One heart appeared healthy, with no evidence of disease. Three others showed indications of disease, atherosclerosis, with plaque in the coronary arteries. The fifth was poorly preserved.

“Only one heart belonged to a women, and was totally degraded, permitting no study,“ said radiologist Dr. Fatima-Zohra Mokrane of Rangueil Hospital at the University Hospital of Toulouse.

One of hearts belonged to a nobleman identified by an inscription on the urn as Toussaint Perrien, Knight of Brefeillac, who died in 1649.

His heart had been removed upon his death and was later buried with his wife, Louise de Quengo, Lady of Brefeillac, who died in 1656. Her wonderfully preserved body was found in a coffin at the site, still wearing a cape, wool dress, bonnet and leather shoes with cork soles.

The earliest of the urns was dated 1584. The latest was dated 1655.

Mokrane said an important aspect of the study was the finding that people hundreds of years ago had atherosclerosis.

It is a disease in which plaque made up of fat, cholesterol, calcium and other substances builds up inside the arteries. Plaque hardens over time and narrows the arteries. Atherosclerosis can trigger heart attacks and strokes.

“Atherosclerosis is not only a recent pathology, because it was found in different hearts studied,“ Mokrane said.

The researchers cleaned each of the hearts, removed the embalming material and examined them with MRI imaging, CT scans and other methods.

Archaeologists excavated the Jacobins convent in Rennes from 2011 to 2013. It was constructed in 1369 and became an important pilgrimage and burial site from the 15th to 17th centuries. About 800 graves were found, Colleter said.

The research was presented at a meeting of the Radiological Society of North America in Chicago.

►  Seal of Biblical-Era King Discovered

Archaeologists in Jerusalem say they’ve made a first-of-its kind discovery: the seal of an ancient Israelite king—one that may have been made by his own hand. Researchers digging in Old Jerusalem think the seal impression, or bulla, comes from King Hezekiah, who ruled in the 8th century BC, reports the Times of Israel. The find is significant in part because it’s the first such seal from an Israelite king found by archaeologists, notes CNN. While similar seals featuring the king’s name can be found on the antiquities market, only this one has the authenticity of scientists behind it. It’s also notable because Hezekiah himself was “one of the most famous of the Israelite kings” given how he “rooted out idol worship, spruced up the decrepit temple, and centralized power,“ according to LiveScience. The seal is just half-an-inch wide, suggesting it was made by the king’s ring.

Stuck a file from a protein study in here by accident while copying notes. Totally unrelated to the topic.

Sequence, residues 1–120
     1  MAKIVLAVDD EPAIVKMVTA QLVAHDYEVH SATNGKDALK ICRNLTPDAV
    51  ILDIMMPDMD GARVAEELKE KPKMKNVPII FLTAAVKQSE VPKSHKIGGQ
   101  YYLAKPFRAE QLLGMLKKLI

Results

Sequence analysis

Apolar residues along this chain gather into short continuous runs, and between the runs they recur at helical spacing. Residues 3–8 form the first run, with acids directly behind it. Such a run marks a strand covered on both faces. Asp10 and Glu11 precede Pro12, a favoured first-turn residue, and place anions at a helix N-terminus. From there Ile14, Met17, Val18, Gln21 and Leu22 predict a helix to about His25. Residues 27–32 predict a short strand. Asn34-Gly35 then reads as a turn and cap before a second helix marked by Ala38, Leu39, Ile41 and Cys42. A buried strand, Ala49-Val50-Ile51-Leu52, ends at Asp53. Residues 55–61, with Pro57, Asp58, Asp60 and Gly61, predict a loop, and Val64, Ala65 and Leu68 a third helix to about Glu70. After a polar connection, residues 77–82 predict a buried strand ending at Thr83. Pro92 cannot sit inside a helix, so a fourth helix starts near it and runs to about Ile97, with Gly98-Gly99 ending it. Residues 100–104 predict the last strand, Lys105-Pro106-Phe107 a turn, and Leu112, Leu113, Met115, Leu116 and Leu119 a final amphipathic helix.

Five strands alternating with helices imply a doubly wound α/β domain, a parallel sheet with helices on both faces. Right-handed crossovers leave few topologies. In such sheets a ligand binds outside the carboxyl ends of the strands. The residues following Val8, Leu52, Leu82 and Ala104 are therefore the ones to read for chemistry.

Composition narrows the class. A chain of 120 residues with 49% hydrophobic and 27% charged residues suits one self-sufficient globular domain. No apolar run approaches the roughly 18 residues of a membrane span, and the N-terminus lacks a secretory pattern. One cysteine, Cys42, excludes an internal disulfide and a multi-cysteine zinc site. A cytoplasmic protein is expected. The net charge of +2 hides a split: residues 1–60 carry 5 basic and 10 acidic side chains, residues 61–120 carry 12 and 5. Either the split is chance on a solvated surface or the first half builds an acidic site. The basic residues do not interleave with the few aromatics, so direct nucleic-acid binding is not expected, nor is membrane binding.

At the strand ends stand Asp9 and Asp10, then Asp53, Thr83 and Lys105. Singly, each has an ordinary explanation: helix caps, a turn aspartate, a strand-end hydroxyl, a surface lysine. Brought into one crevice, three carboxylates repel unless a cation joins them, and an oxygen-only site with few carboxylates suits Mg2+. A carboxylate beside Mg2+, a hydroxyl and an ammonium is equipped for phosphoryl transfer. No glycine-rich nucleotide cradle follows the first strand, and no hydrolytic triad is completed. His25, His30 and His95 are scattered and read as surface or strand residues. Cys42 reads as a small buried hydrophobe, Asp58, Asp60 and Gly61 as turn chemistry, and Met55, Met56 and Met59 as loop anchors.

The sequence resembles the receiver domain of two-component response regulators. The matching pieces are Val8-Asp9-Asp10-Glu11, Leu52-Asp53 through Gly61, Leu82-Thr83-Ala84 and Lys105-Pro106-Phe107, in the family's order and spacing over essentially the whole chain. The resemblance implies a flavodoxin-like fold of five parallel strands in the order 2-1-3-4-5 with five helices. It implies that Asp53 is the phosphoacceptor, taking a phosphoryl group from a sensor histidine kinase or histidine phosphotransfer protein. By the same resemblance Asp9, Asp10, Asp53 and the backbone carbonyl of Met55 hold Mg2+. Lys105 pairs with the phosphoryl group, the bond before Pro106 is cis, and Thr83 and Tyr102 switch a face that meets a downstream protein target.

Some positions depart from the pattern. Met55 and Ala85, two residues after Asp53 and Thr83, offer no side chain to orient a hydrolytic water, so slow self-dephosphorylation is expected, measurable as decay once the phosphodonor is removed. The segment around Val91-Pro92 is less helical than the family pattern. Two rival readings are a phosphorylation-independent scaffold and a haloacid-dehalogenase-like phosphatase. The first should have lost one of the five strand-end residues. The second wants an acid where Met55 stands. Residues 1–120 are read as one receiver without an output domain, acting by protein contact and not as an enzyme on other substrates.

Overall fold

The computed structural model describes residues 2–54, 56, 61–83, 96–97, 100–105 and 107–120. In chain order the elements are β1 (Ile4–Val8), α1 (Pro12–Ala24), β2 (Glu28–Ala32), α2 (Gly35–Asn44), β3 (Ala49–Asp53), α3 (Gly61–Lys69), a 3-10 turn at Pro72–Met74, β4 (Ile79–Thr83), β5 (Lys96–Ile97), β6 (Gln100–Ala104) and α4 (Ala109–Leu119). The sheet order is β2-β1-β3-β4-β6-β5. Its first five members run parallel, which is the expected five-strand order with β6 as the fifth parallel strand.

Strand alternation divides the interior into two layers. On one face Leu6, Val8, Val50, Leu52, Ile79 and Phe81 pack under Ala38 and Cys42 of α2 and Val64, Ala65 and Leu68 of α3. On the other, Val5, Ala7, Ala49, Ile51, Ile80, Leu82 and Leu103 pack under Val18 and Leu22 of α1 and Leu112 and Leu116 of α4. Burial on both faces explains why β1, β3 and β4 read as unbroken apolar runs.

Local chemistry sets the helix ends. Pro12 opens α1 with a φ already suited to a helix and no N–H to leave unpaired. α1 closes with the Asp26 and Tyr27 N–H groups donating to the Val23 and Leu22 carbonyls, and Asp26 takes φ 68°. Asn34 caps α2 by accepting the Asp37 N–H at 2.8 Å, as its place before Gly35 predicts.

“It’s hard to believe that anyone else had the permission to use the seal,“ says Eilat Mazar of the University of Hebrew, who led the excavations. “Therefore, it’s very reasonable to assume we are talking about an impression made by the king himself.“ The seal was actually found in an ancient dump in 2009, but it wasn’t until this year that a researcher deciphered its inscription to reveal the royal origins, notes the Times of Israel. Early in his reign, Hezekiah used a symbol of a creature with its arms outstretched, but the arms of the “two-winged sun” on this seal are facing downward. That suggests it came later in his reign as a nod to mortality after he survived a scare with a mortal illness, say the researchers, per LiveScience.